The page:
While Cous Cous is a dish that they are well known for, I opted to try one of their sandwich entrees, the Moroccon Kofta Brochette sandwich with beef, vegetables and sauces inside a baguette. For $6, the sandwich was smaller than I hoped, but it was one of the most perfect sandwiches I’ve ever had from a food truck. The baguette seemed to be hollowed out on the inside for the filling to fit perfectly inside. With the baguette closed, it would appear to be just a loaf of bread, but opened and you can see that it’s a full sandwich. The beef portions were generous inside, and the hot sauce and white sauce added a delicious kick to the vegetable mixture. The taste was some of the best flavored meat I’ve had from a halal vendor, which I guess accounts for the hefty prices. Sausage and cous cous can run you around $9, and the sides are all upwards of $3. Putting the price aside however, Comme Ci Comme Ca is a truly delicious Mediterranean truck, and we wish them the best of luck at the Vendy Awards this year.

Seven Vendy Cup Finalists Announced

This week the full list of finalists for the top honor known as the Vendy Cup award in this year’s 7th Annual Vendy Awards were finally announced. The seven finalists are all vastly different food vendors, and many are much less known, but no doubt will make a mark on this year’s contest with their delicious food that got them nominated.

Solber Pupusas serves Central American food throughout Brooklyn, and has been serving it’s fare for twelve years now. The truck specializes in pupusas, Salvadoran corn patties that have rarely been brought to American mainstream culture. Nominated previously in 2008, the owners believe its is the pupusa that deserves to win the Vendy Cup, all they do is bring it to their customers.
Eggstravaganza is a popular breakfast cart in Midtown that serves Mexican wraps and egg sandwiches. Creating this cart was a longtime dream for owner Arturo, working in restaurants most of his life to create the perfect blend of his family’s traditional cooking and American styles. The delicious chorizo, made by his father, a butcher, makes Eggstravanza stand out from the competition.
Chimicury el Malecon stands on West 207th street serves Dominican hamburgers called ‘chimis’, and has served Dominican food for 25 years. Business began when Washington Heights and Inwood experienced a growing demand for Dominican food after an influx of Dominican immigrants. Chimicury el Malecon has experienced great neighborhood support over the years, but recognition by the Vendy Awards would catapult them into the spotlight.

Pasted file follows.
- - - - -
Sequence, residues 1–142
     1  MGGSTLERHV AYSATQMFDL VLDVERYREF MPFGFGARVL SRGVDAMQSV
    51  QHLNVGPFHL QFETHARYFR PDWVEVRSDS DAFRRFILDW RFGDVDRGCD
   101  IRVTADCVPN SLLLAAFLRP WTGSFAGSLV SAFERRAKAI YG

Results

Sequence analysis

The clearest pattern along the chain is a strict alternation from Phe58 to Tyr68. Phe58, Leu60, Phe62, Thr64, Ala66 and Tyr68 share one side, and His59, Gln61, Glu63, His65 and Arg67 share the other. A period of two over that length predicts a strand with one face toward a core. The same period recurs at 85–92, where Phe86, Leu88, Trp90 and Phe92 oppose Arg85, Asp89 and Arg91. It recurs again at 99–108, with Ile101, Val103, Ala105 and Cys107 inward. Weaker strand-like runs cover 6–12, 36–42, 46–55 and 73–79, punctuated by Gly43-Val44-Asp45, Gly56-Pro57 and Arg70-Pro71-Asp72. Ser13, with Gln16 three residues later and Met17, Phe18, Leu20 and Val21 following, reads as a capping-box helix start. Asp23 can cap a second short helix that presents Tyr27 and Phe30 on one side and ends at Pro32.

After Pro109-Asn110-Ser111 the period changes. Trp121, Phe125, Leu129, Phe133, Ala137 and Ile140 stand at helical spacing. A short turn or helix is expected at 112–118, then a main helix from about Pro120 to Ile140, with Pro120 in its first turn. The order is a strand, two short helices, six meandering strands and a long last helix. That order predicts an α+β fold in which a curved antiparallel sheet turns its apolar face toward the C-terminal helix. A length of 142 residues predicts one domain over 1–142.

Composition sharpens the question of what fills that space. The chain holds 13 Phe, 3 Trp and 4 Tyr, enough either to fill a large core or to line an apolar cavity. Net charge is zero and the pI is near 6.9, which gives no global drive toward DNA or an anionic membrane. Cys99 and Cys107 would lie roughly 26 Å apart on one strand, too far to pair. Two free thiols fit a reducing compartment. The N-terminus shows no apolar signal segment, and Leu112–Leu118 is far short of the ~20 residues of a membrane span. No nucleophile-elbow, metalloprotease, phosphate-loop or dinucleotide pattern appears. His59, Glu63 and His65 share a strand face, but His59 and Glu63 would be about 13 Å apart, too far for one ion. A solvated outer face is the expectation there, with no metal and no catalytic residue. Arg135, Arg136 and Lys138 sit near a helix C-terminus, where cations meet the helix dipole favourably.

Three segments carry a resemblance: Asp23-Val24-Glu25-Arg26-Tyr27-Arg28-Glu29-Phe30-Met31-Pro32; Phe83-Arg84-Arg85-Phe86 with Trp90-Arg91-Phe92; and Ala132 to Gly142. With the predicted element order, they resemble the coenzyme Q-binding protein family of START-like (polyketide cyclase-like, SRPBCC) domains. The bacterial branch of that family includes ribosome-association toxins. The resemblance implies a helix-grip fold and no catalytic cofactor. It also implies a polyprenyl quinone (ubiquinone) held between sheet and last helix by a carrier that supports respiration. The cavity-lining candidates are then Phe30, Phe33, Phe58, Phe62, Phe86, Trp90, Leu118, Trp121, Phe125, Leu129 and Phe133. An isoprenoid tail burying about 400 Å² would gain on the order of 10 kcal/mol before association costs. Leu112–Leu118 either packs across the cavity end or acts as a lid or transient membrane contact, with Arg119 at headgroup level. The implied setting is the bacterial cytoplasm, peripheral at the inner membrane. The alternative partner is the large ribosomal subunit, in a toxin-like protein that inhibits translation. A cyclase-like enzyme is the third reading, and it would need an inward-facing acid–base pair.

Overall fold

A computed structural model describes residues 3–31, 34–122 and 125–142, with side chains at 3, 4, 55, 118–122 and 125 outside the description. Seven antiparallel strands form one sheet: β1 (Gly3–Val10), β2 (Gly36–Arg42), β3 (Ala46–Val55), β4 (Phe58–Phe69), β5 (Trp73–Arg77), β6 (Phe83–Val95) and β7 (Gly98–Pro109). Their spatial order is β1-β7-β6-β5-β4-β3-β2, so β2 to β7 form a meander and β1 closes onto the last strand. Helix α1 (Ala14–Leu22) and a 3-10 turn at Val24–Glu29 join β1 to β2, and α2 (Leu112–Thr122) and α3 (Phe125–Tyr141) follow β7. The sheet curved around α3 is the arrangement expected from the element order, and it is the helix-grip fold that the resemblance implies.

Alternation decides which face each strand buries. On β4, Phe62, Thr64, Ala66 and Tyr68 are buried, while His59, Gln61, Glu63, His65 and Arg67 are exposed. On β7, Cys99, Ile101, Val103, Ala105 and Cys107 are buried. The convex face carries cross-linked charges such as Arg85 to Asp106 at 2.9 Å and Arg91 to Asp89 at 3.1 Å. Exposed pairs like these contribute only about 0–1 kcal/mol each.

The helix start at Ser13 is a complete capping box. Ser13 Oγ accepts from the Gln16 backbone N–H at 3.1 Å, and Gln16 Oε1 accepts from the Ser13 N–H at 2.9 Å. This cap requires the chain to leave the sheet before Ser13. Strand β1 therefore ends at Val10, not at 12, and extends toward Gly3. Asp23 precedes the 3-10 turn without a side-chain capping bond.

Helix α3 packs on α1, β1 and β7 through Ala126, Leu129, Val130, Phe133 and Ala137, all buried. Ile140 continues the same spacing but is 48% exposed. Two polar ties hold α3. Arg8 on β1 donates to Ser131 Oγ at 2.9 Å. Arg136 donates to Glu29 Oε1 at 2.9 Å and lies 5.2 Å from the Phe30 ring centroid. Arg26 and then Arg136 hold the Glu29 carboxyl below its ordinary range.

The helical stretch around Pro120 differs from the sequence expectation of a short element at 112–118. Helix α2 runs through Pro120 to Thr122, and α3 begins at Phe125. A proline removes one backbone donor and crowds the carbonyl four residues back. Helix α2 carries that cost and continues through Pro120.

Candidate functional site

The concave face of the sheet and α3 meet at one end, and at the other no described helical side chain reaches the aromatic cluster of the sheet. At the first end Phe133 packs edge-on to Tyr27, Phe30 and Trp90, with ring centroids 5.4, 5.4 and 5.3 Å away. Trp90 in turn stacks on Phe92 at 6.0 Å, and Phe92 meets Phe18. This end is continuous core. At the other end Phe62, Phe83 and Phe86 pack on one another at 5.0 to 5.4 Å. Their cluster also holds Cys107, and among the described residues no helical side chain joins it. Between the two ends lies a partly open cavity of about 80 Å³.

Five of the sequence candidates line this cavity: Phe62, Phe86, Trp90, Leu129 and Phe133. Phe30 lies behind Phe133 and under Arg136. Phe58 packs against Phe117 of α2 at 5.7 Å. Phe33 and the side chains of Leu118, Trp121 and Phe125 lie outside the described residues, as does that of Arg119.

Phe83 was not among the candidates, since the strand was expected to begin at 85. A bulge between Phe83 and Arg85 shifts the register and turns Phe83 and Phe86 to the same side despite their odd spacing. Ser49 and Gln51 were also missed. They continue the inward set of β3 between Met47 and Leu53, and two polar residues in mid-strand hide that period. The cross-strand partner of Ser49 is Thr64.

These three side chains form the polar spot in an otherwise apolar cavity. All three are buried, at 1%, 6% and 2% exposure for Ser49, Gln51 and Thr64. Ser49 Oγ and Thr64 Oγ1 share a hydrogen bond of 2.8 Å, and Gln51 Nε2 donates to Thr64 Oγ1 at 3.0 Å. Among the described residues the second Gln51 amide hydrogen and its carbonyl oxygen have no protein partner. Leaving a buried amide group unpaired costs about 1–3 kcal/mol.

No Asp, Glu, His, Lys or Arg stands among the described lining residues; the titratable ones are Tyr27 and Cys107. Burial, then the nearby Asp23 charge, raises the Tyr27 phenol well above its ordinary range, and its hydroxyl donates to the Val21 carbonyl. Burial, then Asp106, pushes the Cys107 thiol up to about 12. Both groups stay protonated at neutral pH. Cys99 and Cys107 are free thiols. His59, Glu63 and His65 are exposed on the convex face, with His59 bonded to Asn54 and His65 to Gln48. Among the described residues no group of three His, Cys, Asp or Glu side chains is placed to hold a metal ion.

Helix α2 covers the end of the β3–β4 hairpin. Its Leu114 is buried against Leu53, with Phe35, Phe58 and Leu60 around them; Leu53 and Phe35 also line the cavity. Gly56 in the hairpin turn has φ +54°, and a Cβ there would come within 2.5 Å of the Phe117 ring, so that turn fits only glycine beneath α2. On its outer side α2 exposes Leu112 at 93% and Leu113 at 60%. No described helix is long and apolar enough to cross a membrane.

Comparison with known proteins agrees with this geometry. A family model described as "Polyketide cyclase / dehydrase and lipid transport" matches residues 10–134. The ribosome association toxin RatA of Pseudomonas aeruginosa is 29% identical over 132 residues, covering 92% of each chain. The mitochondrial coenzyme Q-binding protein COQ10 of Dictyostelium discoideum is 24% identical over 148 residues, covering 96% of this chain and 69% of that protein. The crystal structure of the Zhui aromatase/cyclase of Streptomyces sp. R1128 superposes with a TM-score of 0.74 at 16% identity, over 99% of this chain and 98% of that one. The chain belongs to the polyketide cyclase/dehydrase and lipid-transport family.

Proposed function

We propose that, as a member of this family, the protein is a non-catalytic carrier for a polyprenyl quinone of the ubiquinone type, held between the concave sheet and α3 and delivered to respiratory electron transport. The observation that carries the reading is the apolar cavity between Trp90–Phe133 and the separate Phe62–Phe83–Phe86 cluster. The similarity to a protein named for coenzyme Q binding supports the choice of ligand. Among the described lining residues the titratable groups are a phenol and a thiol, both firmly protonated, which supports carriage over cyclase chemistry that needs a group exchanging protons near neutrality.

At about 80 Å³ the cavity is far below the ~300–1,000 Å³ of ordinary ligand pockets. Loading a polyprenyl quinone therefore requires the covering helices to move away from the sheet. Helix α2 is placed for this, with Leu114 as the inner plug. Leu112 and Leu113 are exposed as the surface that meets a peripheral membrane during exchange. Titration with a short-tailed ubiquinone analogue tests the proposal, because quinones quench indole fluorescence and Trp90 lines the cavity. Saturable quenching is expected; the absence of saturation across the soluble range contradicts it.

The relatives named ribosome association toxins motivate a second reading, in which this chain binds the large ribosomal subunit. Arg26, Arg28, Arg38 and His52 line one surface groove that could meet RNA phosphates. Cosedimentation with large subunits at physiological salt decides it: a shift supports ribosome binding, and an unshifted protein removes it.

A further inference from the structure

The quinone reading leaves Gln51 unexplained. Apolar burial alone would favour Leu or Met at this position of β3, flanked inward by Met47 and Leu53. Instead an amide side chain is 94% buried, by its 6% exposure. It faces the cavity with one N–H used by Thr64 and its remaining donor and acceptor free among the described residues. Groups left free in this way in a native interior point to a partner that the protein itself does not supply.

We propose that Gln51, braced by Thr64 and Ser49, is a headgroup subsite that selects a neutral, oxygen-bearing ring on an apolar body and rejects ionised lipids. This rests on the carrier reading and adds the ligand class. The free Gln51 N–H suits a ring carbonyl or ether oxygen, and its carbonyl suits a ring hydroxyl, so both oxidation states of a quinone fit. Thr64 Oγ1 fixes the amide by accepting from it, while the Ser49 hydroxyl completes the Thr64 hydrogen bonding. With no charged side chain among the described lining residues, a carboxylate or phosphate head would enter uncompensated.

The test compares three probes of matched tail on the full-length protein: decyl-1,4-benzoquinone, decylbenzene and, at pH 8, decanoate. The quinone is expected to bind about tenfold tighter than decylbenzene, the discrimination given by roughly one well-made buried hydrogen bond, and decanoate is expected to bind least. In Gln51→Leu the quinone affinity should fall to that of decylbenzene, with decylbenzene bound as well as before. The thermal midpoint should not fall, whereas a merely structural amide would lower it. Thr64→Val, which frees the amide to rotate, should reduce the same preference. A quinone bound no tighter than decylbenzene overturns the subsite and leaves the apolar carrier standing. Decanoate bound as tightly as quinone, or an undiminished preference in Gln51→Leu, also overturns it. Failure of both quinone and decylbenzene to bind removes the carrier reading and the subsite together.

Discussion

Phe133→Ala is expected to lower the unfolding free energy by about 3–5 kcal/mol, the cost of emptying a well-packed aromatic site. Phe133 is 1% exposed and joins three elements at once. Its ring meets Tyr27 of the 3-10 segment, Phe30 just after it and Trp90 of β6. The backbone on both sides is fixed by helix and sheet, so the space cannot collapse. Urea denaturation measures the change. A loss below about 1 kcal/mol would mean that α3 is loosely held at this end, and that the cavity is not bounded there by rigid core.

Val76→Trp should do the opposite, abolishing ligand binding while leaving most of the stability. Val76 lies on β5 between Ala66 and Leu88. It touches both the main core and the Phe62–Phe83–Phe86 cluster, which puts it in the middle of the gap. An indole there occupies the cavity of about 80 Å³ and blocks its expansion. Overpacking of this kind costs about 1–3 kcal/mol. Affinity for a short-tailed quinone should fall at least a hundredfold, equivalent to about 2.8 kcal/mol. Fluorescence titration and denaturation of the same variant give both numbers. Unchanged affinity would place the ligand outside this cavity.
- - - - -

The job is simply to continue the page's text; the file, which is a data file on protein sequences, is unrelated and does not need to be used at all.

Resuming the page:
Sam’s Falafel is a vendor with 14 years serving in Zucotti Park, originally from Egypt. Owner Sam Ahmed has spent years perfecting his perfect falafel recipe, which shows in his highly desired falafel platters. Everything is made from scratch with high quality ingredients, and though Ahmed was originally a translator in Egypt, cooking has been his true calling.
Souvlaki GR has only been vending for one year, but their signature Greek food has become a staple around the Wall Street area. What makes their food unique is the Greek fries that are stuffed in the savory pitas. The truck’s owners thank their fans and customers for their fortune so far, appearing in last year’s Vendy Awards as well.
Trini-Paki Boys Halal Food is in fact owned by a woman, Fatima Khan, but named after her two sons. The food is a blend of Trinidadian and Pakistani, like Khan and her husband, and specializes in curry chicken and biryanis. Khan ascribes a very loyal customer base to her success, and the cooking skills she learned in her mother’s kitchen.
The last Vendy Cup finalist is Tamales Guadalupe, a Brooklyn vendor with 14 years of experience serving Mexican food. Mexican tamales are the specialty of Guadalupe Galicia, a single mother of five children who works tirelessly for her family. Guadalupe’s tamales are among the best in New York, with customers repeatedly coming back for a taste of their authenticity.
That rounds up the finalists for this year’s Vendy Cup. General admission tickets are sold out but VIP tickets are still available for this Saturday’s event.